A new drug treatment for some diabetes patients with a form of eye disease known as macular oedema (or macular edema) could soon be available in the UK.
The National Institute for Health and Clinical Excellence (NICE) recently recommended the injectable drug Iluvien for the treatment of chronic diabetic macular edema (DME) in patients who have already undergone cataract surgery and do not respond well to other forms of treatments, giving them renewed hope for improved vision and a much better quality of life
In its Final Appraisal Determinatio, NICE announced that it had reviewed updated data from manufacturer Alimera Sciences showing Iluvien’s cost effectiveness among a subgroup of chronic DME patients who have an eye that is considered pseudophakic (one that has already undergone cataract surgery).
According to Alimera, NICE is expected to publish its final guidance regarding the availability of the sustained release intravitreal implant through the National Health Service in England and Wales next month.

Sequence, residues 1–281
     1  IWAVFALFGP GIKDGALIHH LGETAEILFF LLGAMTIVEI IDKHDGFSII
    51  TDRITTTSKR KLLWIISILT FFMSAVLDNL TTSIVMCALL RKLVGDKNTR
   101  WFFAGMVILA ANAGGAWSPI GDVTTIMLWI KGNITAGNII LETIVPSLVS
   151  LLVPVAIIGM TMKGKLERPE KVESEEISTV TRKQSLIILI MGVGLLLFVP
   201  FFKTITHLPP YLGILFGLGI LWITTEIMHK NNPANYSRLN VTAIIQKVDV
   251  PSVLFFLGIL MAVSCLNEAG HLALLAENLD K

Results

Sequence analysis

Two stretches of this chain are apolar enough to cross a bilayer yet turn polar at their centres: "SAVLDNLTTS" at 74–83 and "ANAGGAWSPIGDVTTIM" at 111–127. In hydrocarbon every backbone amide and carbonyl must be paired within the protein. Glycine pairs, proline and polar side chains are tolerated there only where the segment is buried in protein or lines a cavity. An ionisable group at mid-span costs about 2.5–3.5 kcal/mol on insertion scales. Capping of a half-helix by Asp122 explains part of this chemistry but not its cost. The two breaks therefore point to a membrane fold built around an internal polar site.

“This is excellent news for Alimera, as this positive recommendation from NICE will require the National Health Service (NHS) to make funding available for Iluvien in England and Wales,” said Dan Myers, President and CEO of the Georgia-based biopharmaceutical company.
“We plan to continue to work with NICE in an effort to broaden access to Iluvien to include all chronic DME patients who could benefit from the treatment.
“The NICE recommendation is a welcome development for chronic DME patients across England and Wales,” commented Robin Hamilto, Consultant Ophthalmic Surgeon at Moorfields Eye Hospital NHS Foundation Trust, London.
“With this determination, these patients will have access through NHS to a long-term, sustained release option for achieving improved visual acuity. Iluvien can have a significantly positive impact on their lives.”
Diabetic Macular Oedema occurs when damaged blood vessels on the retina leak fluid onto the macula, the part of the eye responsible for our central vision, making it extremely difficult for you to read or see fine details.

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